Most Innovative Connected Health Companies 2013 (Part 2)

Earlier this week I posted about some of the companies that Fast Company considers to be the most innovative. I focused on health, fitness, and mobile.

I should add that Uber, which made Fast Company‘s Top 10, is amazing. I used it for the first time yesterday in Chicago and was floored by how fantastic the whole experience was for me. It’s simply brilliant. Companies from Fast Company‘s list that I’d add to my own include Nike and Walgreens.

I’ll preface by saying that there are a lot of innovative companies out there right now. Below is a list of my favorites.

Zamzee. I like kids. I like them to be healthy. I like them to be active. I want them to have fun being active. Zamzee is one of a few companies that is developing tools to measure kids’ activity and reward them for it. Zamzee is really just a trimmed-down, cheaper version of the original Fitbit and it is designed for for kids. While I’m not a fan of the clip-on activity trackers, I love what Zamzee is trying to do, so I had to add them to my list. The activity log on Zamzee is viewable online and can be redeemed for rewards. Every kid should be assigned one of these in school and have Zamzee activity log serve as their PE grade. I’m not saying eliminate the PE class or period, but try to motivate kids to be active all the time, not just the 30-40 minutes a day in the actually PE class. Also, I vaguely recall having to take tests in PE that assessed my knowledge of the rules of different sports. Is this a manufactured memory, or do we actually teach and test kids about the rules of sports?

Asthmapolis. Asthmapolis has intrigued me since I first heard about them, and not just because the company is based in Wisconsin. The idea is relatively simple: add a sensor to an inhaler to track usage, location, and time. The data collected helps asthmatics and providers understand asthma triggers and severity of condition, targeting additional interventions as needed. There is also a unique public health angle because aggregate data can be used as proxy for determining locality with poor air quality. The whole thing is very smart.

AirStrip. AirStrip gets lots of attention and it should. It started with a targeted solution for real-time remote monitoring of OB patients. It has since expanded to do monitoring for cardiology and intensive care. Most recently, it’s become clear that AirStrip wants to be the mobile access point for all clinical data, EMRs included. AirStrip has partnered with Diversinet to provide secure access on personal devices. AirStrip also has several patents related to mobile monitoring of clinical data. It seems like AirStrip announces a new feature or strategic partner weekly.

Tonic Health. I first saw and wrote about Tonic at HIMSS last year. The company is trying to make an exceptionally boring process — the act of filling out medical forms — more fun for patients. By making it more fun, providers can capture more accurate and complete information from patients. Also, by making the process of filling out paperwork into a game, patients worry less about seeing a health provider. Tonic has great designers. It has a lot of potential for impact. Partnering with conferences to provide live feedback is a great marketing strategy as well. Have you seen the tablet-toting, orange-shirt-wearing Tonic data collectors at conferences?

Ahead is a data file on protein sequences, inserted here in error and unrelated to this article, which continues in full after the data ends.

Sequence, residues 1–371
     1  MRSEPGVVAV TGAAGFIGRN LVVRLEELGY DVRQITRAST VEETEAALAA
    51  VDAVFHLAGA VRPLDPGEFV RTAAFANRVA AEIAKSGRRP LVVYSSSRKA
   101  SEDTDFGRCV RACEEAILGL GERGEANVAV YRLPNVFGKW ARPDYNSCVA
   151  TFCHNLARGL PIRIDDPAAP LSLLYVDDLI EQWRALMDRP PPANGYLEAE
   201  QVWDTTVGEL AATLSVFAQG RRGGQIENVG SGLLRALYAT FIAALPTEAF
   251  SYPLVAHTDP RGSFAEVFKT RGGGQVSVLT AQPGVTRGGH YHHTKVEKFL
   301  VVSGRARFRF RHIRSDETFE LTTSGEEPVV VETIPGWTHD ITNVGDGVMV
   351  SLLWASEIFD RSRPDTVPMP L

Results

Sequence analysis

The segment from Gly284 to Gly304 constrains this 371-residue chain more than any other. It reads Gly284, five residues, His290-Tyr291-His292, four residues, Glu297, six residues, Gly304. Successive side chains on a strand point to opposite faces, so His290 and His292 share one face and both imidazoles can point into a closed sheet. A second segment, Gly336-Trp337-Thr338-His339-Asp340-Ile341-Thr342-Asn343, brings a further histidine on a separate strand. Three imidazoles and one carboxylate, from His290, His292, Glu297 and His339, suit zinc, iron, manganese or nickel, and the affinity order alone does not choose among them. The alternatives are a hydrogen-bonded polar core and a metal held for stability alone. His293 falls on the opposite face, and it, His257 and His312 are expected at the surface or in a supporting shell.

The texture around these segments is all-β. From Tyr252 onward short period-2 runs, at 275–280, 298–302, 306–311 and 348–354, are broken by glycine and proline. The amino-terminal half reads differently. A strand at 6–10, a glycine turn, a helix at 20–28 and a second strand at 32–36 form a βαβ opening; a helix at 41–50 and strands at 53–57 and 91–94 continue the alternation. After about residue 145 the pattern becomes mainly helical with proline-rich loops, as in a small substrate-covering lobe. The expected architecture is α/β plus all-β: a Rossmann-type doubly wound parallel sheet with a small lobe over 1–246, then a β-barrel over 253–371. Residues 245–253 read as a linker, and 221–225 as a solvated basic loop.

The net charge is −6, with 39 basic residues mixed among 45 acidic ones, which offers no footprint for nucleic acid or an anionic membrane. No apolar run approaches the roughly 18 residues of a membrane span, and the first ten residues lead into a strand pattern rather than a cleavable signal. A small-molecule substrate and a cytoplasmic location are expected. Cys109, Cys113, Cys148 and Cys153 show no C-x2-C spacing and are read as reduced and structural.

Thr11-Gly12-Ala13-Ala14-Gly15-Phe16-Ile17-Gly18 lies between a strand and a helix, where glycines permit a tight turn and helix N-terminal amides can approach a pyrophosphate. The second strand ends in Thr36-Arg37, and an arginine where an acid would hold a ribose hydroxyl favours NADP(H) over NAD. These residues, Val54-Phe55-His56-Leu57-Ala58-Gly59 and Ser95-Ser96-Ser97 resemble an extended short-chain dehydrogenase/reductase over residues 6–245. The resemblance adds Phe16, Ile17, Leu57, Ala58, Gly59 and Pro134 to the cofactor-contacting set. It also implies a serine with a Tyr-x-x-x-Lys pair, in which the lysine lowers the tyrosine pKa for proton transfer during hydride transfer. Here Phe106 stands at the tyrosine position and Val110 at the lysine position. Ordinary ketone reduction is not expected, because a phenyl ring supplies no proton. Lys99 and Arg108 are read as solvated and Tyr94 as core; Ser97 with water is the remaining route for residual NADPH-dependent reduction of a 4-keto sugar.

Direct Dermatology. It’s a virtual dermatology clinic for patients and a referral center for primary care providers. Appointments with dermatologists can be hard to get. Add to that the fact that many dermatology visits can be done virtually with pictures and basic histories and virtual care makes a lot of sense. One more thing Direct Dermatology has going for it is that a really high percentage of primary care visits are derm related, so PCPs need to either refer patients or curbside dermatologists all the time. Direct Dermatology is rapidly adding providers in different states to get around outdated laws about practicing across state lines. Direct Dermatology smartly leans on Logical Images, one of its partners, for relevant clinical content and images, so it doesn’t have to rewrite everything. Logical Images has a massive catalog of derm images and clinical content.

Orca Health. Orca Health makes health apps for patents to better understand health conditions and ideally make more informed health decisions. Orca started pretty simply and has expanded the number of conditions and organ systems a lot over the last 18 months. The idea is touch-enabled apps allow patients to interact with anatomy and physiology, immersing themselves in ways that aren’t possible with Wikipedia or WebMD. It seems to be working. Orca is targeting solutions both at patients as well as providers and payers. It also recently signed a partnership with Harvard Medical School to publish a list of interactive iBooks for patients. The content is Harvard’s, a pretty nice name to have, and the design is Orca’s.

Glooko. There are several connected approaches to glucose monitors that I outlined in a previous post. Glooko recently received FDA clearance for its cable that connects existing (dumb) glucometers, making them smart in the process. I’m a fan of not reinventing the wheel and I love tools that turn dumb, unconnected technologies into smart, connected ones. Asthmapolis above is similar in this way. I think Glooko has a way to go to build out features for caregivers and providers to monitor logged glucose readings, but those things are not the real innovation.

I only covered connected health companies and not more broadly health IT companies. What companies do you think are the most innovative in health IT?

TGphoto

Travis Good is an MD/MBA involved with health IT startups. More about me.

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